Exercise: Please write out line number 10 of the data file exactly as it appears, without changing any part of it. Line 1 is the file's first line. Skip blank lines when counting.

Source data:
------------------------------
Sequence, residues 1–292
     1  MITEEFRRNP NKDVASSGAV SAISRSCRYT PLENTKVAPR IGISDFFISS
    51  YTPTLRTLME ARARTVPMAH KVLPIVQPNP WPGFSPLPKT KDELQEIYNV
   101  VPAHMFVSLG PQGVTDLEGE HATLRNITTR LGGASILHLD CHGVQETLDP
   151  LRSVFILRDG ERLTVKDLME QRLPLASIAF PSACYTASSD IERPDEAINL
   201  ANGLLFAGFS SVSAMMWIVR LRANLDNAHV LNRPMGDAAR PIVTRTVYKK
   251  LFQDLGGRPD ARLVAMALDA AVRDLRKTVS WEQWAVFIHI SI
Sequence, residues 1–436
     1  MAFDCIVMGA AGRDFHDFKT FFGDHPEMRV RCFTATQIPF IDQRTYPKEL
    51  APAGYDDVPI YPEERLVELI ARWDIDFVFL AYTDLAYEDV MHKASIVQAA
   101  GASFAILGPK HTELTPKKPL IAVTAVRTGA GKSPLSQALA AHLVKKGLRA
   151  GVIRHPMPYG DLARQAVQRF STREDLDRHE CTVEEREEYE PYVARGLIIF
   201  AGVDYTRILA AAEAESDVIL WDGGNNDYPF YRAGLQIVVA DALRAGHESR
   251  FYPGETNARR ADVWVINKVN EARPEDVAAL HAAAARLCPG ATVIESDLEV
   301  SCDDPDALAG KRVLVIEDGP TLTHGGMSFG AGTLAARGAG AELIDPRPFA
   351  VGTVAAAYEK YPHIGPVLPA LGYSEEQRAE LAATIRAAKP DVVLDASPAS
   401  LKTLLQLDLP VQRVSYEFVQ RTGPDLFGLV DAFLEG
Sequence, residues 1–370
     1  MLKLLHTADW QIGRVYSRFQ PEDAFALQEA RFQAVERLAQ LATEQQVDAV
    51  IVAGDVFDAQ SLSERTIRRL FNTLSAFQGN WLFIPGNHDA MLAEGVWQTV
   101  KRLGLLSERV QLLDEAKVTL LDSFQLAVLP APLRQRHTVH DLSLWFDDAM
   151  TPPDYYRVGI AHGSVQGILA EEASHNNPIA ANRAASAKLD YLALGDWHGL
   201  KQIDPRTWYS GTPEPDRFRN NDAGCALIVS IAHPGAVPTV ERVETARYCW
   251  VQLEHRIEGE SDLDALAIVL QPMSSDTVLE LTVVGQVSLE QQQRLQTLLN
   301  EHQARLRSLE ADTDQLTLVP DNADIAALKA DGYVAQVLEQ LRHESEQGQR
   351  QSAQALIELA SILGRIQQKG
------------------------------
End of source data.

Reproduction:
    51  APAGYDDVPI YPEERLVELI ARWDIDFVFL AYTDLAYEDV MHKASIVQAA